Date Approved

5-6-1997

Embargo Period

8-24-2016

Document Type

Thesis

Degree Name

M.A. in Subject Matter Teaching: Music

Department

Science, Technology, Engineering, Arts and Math Education

College

College of Education

First Advisor

Levinowitz, Lili M.

Subject(s)

Music--Instruction and study--Juvenile; Sight-singing

Disciplines

Elementary Education and Teaching

Abstract

The purpose of the study was to gather information concerning literacy training and the use of a performance-based curriculum with fifth- and sixth-grade music students. The problems of the study were to determine the effects of different combinations of sight-singing training and CME instruction on the singing achievement and attitudes of upper elementary school students.

Twelve fifth- and twelve sixth-grade classes from an intermediate school participated in the study. The classes were randomly assigned to one of four treatment conditions involving various combinations of sight-singing training and CME. All classes were taught by the same instructor for one 45-minute period per week. At the conclusion of the study, an attitude survey was administered to all students. Additionally, the researcher/instructor audio-taped all classes and 96 randomly selected individuals performing a criterion song. All recordings were independently evaluated by three judges using the Saunders Scale. To determine the effects of sight-singing and performance-based curricula on singing achievement and attitude, the data were analyzed using a two way ANOVA.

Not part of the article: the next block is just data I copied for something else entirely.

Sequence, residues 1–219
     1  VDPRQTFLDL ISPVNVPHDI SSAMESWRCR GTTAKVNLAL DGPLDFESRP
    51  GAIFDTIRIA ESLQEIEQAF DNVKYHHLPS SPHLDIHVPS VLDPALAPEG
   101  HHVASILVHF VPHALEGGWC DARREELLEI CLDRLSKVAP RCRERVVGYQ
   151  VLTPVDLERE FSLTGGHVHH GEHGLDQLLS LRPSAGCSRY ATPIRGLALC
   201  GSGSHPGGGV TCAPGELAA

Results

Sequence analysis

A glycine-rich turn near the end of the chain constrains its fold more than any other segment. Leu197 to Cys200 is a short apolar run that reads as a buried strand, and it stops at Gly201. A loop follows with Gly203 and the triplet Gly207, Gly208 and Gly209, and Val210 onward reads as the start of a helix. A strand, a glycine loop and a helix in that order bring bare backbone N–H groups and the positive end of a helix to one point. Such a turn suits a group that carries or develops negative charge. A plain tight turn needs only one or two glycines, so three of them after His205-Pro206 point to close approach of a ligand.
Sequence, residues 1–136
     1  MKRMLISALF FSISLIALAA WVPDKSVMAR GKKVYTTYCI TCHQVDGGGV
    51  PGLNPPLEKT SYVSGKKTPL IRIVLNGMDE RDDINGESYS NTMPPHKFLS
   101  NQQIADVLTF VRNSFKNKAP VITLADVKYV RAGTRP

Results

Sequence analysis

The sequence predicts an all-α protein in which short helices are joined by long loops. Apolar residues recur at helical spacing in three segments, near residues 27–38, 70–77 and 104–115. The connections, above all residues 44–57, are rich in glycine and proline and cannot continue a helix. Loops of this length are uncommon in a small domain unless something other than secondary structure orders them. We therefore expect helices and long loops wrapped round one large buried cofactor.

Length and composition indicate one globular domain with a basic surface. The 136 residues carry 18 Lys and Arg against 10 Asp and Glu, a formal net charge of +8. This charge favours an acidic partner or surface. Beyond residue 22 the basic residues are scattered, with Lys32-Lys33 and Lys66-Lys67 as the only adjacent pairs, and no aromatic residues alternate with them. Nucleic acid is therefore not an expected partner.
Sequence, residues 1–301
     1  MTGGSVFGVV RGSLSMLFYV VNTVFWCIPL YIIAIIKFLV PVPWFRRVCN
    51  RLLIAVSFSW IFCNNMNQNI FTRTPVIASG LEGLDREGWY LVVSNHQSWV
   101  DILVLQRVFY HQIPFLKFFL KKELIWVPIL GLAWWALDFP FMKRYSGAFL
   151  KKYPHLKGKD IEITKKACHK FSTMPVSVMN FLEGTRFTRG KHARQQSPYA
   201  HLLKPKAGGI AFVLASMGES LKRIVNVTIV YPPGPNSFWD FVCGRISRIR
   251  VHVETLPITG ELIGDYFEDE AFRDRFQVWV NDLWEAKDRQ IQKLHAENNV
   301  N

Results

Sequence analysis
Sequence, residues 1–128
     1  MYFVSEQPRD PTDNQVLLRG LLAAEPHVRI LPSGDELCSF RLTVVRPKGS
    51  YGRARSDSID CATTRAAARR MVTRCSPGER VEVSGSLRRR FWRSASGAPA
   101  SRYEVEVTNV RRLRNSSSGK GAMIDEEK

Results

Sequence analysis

For singing achievement of class performances, statistically significant differences were found in favor of CME groups. In reference to individual performance and attitude, the researcher failed to find statistically significant interaction or main effects.

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